Being available

All but one of our interviewees regarded ‘being available’ to the media as being a component of their professional role. Consequently, these researchers all agreed with the statement that ‘I generally respond to media requests to promote awareness of my research’, thus being ‘assiduous in courting the media and being available at reasonable and unreasonable times when they contact you’.

Some had come to know journalists personally and often assisted them behind the scenes. Several spoke of the symbiosis between the need of researchers to gain public and political attention for their issues and the need of journalists for reliable and credible sources to help them provide authoritative stories. This occasionally led to openings for researchers to suggest stories: ‘There were a few journalists who had me on their books and if it was a quiet news day they’d give me a call.’

Institutional capacity and support

Researchers were divided on academic institutional support for research-related media engagement. Many pointed to the lack of encouragement inherent in traditional academia which focuses on ‘teaching and research rather than service to the community or being a public intellectual’:

None of this gets counted in an academic’s workload or output. It is something that individual senior researchers, in Australia at least, have tended to take on for themselves because they are passionate about public health. Not because they get paid for it.

But others remarked that this neglect was fading fast, with universities highlighting and rewarding their media-active staff and requiring researchers to keep records of media appearances for institutional profiles:

The sort of mentality that I’m talking about … ‘Don’t do anything to publicise your research’, it’s almost evolving away from that in leading research universities … They encourage their staff to engage with the community and with policymakers.

This attitude had evolved to such an extent in some universities that some of the most media-engaged researchers were promoted as peer role models: ‘If you go to the faculty website … there is a page where it says “featured academics”. I am one of them. I am probably featured because others understand that I embody that approach to my research and that’s acknowledged within the faculty as something that they wish to encourage.’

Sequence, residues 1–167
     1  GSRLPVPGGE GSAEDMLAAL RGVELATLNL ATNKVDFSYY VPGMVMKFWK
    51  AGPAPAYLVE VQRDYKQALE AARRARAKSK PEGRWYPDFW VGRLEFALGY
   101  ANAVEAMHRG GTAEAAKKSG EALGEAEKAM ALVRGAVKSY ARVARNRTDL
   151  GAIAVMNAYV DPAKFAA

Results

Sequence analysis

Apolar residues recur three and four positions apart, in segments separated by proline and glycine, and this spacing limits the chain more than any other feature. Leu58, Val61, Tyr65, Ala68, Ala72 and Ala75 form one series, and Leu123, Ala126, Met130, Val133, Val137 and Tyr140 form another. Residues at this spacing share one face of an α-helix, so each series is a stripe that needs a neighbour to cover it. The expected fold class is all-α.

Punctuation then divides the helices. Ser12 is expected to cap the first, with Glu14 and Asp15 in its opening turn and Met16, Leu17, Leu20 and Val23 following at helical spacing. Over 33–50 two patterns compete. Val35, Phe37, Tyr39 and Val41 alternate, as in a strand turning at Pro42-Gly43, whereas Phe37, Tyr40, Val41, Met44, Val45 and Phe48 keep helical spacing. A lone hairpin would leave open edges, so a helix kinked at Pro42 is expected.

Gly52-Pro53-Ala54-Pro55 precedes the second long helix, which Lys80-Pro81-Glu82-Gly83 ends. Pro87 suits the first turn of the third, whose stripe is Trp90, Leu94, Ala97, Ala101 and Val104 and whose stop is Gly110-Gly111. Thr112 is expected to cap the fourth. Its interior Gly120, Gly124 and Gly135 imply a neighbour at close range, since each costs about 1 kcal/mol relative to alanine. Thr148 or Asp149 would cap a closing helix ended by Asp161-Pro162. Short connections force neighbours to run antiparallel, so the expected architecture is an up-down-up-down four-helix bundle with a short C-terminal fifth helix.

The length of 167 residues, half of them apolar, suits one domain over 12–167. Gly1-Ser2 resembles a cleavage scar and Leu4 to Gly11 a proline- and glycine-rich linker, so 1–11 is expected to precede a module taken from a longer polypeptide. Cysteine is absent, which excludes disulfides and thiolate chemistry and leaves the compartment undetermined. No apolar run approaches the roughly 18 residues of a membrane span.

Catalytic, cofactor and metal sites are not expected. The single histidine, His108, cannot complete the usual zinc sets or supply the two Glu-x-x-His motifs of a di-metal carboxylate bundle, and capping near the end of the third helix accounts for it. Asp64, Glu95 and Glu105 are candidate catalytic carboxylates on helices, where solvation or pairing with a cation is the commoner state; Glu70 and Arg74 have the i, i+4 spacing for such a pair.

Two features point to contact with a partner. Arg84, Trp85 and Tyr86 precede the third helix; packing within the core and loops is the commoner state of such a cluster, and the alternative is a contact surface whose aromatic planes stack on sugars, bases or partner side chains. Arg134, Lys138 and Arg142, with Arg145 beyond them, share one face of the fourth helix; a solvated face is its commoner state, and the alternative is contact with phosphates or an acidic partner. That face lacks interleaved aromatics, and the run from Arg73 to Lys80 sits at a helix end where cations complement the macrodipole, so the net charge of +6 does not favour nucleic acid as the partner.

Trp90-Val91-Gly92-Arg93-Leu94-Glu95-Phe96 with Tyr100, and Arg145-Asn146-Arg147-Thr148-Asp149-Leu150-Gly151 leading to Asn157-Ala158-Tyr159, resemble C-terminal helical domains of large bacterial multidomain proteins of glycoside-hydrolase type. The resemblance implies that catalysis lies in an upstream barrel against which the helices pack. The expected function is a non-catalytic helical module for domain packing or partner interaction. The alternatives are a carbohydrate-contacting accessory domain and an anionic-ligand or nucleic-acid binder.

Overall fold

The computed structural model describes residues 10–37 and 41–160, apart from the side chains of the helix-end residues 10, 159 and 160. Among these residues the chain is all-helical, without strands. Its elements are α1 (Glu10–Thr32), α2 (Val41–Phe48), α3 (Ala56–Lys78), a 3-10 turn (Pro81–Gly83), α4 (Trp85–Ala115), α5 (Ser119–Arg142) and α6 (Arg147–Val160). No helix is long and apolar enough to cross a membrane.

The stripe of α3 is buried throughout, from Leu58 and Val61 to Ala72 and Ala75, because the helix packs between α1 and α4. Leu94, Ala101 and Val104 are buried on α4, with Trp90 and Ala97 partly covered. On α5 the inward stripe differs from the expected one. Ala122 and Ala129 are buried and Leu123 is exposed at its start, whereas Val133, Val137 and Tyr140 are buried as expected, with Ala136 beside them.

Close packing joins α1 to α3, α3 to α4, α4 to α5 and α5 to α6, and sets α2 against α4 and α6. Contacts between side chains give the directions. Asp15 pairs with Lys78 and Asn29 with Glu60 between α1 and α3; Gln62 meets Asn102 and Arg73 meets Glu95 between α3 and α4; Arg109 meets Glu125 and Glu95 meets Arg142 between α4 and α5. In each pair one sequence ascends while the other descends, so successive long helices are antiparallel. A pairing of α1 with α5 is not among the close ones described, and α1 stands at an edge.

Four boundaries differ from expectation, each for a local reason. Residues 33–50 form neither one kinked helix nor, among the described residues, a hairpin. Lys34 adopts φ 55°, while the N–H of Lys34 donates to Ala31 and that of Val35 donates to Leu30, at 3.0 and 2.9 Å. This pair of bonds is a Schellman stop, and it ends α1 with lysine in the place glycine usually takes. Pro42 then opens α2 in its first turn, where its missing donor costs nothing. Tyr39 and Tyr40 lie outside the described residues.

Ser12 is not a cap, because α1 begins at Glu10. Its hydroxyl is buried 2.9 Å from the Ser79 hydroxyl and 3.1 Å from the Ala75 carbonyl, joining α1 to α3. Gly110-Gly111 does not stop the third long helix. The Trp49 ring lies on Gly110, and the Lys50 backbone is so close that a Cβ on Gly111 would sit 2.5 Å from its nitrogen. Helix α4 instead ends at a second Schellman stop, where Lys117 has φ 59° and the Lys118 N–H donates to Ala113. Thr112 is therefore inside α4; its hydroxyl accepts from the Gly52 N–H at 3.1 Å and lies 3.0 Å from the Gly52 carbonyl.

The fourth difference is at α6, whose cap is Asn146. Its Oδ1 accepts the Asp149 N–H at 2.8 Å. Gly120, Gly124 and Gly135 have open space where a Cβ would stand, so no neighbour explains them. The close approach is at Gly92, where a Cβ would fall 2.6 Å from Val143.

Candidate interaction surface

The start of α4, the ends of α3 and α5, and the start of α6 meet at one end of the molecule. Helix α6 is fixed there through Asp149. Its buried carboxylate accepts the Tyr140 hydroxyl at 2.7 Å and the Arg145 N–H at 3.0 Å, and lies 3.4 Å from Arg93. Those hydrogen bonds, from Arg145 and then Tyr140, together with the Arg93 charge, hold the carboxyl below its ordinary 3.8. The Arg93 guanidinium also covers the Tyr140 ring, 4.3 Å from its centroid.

Discussion

While almost all of the peer-rated influential researchers we interviewed recognised the importance of media engagement, they were also sensitive to concerns about its inherent constraints, the dilemmas posed by differences between journalistic and academic cultures and the reputational risks from an injudicious embrace of media celebrity. The major concerns were the news media’s insistence on brevity and simplification, and the resultant dumbing down of complexity, and intolerance of inconclusiveness in encapsulating commentary within sound bites. This group of researchers appeared to have developed strategies to overcome these constraints, such as interacting with media workers that they knew and trusted. To most, these concerns were offset by the judgment that to absent oneself from the media was to almost guarantee the irrelevance of one’s research to public and political debates about health policy.

Overall, the opportunity that media engagement provided for researchers to contribute to research-informed public awareness and debate was regarded not only as appropriate by most of our influential interviewees, but as a critical aspect of their professional duty to advance public health. It seems these researchers recognise that the nature of media coverage is shaped, in part, by those who initiate stories, meaning that researchers can not only generate media interest in public health research and research-informed policy, but can also set in motion the framing of such stories and influence their effect on public health policy.

In conclusion, this study showed that a willingness and capacity to engage with mass media was seen as an essential attribute of influential public health researchers by most influential Australian researchers. Most of these researchers were comfortable in performing this role and made themselves available to the media to comment on their own research and that of others in their field, and on matters of public health policy relevant to their expertise. This was done with awareness of the limitations of the media and of the difficult path that must be followed in making policy recommendations without being seen as a policy advocate who ventures beyond the evidence or selects evidence to advance a particular policy agenda.

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1 The unattributed quotations in this section come from interviews with leading influential public health researchers. They are unattributed to protect confidentiality. See also Chapman et al. 2014, Haynes et al. 2011a, 2011b, 2012.